What you're talking about is called negative lookahead, and you just wrap it around the regex for what you don't want to match, like this:
(?!foo). Combining regexes can be as simple as string them together with a pipe between them, but you can do a little better than that in this case. This regex reuses the first part of the two regexes, which is identical:
Because the pipe (or
'|', the alternation operator) has lower precedence than anything else, the alternation has to be contained in a group. Notice that I used a non-capturing group -- i.e.,
(?:...) -- and got rid of the parentheses in your regexes. Otherwise, they would have thrown off the numbering of the one group you do want to capture, and you would have had to use something other than
$1 in the second part of the rule. Here's the whole regex:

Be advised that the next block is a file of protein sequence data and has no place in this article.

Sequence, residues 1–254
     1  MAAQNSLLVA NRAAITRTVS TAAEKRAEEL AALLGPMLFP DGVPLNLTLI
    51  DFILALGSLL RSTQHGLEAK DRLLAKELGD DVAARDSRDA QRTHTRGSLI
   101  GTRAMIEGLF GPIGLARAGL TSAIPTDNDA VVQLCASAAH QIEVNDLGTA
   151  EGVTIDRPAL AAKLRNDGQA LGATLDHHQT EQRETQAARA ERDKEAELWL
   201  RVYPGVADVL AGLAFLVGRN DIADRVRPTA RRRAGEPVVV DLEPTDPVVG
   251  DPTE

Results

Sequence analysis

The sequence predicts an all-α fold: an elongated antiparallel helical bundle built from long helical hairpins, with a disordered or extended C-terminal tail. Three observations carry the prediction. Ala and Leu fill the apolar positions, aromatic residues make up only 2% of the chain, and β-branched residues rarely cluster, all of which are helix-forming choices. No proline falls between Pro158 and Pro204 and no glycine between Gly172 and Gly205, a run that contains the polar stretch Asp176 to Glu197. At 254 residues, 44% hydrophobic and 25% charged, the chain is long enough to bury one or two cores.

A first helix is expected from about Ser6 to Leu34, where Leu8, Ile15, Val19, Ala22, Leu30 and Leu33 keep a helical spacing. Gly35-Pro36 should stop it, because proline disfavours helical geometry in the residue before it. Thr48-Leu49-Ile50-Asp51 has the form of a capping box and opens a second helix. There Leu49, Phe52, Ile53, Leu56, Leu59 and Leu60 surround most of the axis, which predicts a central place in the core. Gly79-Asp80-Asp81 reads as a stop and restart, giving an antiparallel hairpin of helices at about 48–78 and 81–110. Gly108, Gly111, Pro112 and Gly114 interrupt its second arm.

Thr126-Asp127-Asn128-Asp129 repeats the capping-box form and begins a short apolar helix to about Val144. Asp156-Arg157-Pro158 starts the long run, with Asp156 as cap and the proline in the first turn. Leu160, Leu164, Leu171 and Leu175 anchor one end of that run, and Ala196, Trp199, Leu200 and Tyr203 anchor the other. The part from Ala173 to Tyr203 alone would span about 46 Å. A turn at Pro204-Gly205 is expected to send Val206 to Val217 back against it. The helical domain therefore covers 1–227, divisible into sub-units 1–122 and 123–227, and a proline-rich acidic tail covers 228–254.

EDIT: Apparently, the regex flavor used by AliasMatch doesn't support lookaheads, but has its own negation syntax:
!(^/foo). Its purpose seems to be to negate the whole regex, which means it wouldn't help you, but maybe you don't need it. Maybe you can just alias those directories to themselves. Then you wouldn't have to negate anything.
AliasMatch ^(/content/[a-zA-Z0-9_-]+/id-[a-zA-Z0-9_-]+/[0-9]+.*) $1
AliasMatch ^(/content/[a-zA-Z0-9_-]+/nn-[a-zA-Z0-9_-]+.*) $1
AliasMatch ^/content/(.*) /home/username/public_html/$1
Or maybe you can do something with a
<DirectoryMatch> directive, or by switching to mod_rewrite. But I'm (obviously) not an Apache expert--my specialty is regexes, and I don't think a regex is going to solve your problem.